More Political Campaigns Play Games with Websites

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Perhaps taking the lead from Connecticut Republicans who set up fake Twitter accounts and websites for their Democratic opponents, other political campaigns are doing it, too.

In California, an intern for the campaign of Beth Krom for Congress noticed that the website of incumbent Representative John Campbell had a misspelled link:, with a missing s. "Krom's supporters bought the misspelled domain name and redirected it to Krom's website," explained NBC News.

Moreover, the link was unnoticed from mid-November until just the other day, when the OC Register's blog pointed it out.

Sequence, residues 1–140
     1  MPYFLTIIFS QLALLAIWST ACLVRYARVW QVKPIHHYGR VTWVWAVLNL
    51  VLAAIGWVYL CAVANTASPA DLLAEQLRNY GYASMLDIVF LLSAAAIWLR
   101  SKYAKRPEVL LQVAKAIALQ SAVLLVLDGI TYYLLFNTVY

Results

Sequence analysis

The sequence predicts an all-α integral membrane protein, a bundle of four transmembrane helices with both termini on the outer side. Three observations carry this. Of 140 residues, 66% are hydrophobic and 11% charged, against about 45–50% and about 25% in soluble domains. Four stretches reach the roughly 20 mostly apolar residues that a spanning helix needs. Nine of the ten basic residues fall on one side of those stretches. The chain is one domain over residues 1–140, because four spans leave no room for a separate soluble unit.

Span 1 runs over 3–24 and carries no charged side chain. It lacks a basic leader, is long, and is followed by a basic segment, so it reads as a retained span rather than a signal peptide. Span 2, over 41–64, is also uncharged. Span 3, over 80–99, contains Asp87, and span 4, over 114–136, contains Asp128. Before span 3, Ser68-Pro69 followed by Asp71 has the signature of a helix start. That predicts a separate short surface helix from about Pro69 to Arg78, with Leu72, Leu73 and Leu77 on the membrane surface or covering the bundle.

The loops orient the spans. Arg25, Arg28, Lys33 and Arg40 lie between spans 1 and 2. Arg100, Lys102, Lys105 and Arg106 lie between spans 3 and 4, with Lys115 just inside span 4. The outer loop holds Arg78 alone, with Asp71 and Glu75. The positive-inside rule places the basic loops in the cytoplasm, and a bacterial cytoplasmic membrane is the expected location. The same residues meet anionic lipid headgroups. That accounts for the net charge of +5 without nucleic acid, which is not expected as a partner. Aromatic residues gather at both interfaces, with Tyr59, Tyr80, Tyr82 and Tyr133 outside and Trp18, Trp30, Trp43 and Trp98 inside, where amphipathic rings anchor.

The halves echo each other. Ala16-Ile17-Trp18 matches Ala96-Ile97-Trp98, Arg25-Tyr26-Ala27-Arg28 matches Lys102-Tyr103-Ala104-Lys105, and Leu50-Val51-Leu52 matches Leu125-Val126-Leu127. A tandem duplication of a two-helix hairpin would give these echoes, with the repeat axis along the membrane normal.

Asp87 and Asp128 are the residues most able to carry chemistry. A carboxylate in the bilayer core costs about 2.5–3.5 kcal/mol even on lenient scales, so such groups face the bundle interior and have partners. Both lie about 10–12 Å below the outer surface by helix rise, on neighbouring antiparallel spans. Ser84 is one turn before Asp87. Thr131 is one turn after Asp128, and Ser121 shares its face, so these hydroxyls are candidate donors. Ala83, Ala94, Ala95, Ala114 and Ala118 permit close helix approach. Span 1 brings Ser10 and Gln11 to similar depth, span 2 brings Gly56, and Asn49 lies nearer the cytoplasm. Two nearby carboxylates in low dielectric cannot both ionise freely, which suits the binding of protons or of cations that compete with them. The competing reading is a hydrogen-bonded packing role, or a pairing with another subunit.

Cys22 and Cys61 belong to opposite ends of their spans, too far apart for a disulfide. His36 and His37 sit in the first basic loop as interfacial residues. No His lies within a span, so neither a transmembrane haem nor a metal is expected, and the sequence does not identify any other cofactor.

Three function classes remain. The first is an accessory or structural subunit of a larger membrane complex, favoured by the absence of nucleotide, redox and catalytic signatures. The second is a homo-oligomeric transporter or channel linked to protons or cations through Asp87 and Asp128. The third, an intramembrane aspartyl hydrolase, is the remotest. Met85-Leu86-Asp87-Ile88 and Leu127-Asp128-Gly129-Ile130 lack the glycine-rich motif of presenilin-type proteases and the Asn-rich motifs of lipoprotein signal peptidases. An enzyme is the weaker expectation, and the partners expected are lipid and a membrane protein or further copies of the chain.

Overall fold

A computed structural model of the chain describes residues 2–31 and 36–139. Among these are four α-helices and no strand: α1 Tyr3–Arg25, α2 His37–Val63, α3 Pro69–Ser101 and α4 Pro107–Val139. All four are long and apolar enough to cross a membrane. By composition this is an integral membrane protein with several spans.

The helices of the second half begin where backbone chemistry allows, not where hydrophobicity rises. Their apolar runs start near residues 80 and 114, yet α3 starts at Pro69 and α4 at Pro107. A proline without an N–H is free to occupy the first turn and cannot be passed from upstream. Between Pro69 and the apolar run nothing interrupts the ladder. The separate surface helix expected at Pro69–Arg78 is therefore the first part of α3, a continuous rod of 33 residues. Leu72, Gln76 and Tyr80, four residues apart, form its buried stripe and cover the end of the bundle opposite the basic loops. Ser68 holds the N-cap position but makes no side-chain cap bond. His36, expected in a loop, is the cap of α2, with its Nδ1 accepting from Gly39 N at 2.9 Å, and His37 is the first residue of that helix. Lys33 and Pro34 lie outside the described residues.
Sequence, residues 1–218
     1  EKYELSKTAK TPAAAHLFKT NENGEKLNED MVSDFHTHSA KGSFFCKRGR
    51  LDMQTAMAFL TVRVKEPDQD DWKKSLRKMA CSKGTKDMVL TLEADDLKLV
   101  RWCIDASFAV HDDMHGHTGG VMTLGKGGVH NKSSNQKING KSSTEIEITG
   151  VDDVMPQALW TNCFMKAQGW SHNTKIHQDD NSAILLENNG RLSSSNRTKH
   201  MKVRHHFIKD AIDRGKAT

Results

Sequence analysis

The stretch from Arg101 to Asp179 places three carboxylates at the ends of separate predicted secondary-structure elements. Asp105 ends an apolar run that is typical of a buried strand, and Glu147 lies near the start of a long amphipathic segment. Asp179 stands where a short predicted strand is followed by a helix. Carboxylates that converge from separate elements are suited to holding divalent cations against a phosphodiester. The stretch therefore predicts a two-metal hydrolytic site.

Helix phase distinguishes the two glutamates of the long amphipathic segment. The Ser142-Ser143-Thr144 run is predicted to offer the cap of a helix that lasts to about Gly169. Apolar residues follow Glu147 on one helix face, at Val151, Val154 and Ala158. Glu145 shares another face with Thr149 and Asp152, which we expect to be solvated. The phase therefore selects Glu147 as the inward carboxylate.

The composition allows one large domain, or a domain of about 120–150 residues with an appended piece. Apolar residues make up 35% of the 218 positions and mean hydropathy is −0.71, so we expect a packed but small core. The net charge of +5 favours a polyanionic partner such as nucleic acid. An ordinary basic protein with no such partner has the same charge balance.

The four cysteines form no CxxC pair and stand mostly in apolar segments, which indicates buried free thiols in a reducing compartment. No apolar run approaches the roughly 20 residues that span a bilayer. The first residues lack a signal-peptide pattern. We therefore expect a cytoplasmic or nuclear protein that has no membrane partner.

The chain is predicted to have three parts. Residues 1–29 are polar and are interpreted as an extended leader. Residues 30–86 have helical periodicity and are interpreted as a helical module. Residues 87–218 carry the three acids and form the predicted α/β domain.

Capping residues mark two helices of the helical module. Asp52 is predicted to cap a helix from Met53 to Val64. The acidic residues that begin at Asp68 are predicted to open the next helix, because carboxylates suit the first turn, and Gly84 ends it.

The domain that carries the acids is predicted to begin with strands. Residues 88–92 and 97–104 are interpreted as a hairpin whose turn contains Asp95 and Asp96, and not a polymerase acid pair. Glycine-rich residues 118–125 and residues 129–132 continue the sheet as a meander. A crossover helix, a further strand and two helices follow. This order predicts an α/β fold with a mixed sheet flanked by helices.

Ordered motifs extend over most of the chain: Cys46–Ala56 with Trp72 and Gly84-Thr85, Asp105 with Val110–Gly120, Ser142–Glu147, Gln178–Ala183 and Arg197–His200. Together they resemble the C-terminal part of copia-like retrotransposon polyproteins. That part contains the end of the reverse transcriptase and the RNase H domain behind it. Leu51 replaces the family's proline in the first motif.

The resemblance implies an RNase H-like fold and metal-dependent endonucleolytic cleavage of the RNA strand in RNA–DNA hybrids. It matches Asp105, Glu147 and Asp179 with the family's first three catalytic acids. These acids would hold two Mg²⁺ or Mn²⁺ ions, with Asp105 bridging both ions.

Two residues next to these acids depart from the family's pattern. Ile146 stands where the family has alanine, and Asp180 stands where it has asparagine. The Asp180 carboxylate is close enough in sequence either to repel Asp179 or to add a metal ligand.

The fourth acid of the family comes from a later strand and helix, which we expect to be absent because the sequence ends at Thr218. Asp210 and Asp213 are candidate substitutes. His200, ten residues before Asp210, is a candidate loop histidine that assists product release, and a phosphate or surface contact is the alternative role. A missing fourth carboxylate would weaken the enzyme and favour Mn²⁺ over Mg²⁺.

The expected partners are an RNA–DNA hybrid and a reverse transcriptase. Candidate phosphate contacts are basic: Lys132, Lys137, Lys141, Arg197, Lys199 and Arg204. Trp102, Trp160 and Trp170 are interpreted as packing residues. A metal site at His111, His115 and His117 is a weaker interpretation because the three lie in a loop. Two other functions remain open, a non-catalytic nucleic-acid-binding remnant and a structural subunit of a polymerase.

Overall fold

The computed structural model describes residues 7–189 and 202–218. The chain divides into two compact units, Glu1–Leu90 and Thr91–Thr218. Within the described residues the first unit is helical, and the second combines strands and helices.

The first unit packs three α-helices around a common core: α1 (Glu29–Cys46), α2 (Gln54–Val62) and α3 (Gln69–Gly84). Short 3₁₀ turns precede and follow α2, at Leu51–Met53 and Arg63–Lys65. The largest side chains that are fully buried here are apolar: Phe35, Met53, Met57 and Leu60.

On the other hand, Republican Rita Meyer, candidate for Governor in Wyoming, cut ties with a volunteer staffer who had performed a similar trick, according to the Associated Press. Opponent Matt Mead had the website, and Meyer staffer Paul Montoya reportedly registered the URL and redirected it to Meyer's site.

According to the AP, Mead learned about it from supporters and confronted Meyer, who said she didn't know about it and wouldn't have done it because it would reflect badly on her campaign. The site was switched back to the legitimate Mead site on Wednesday.

Montoya, for his part, reportedly claimed it was meant to demonstrate the importance of securing pertinent domain names.

InsightsDigital 57 Posting Virtuoso

In politics, anything will be used and using social networking is no exception.

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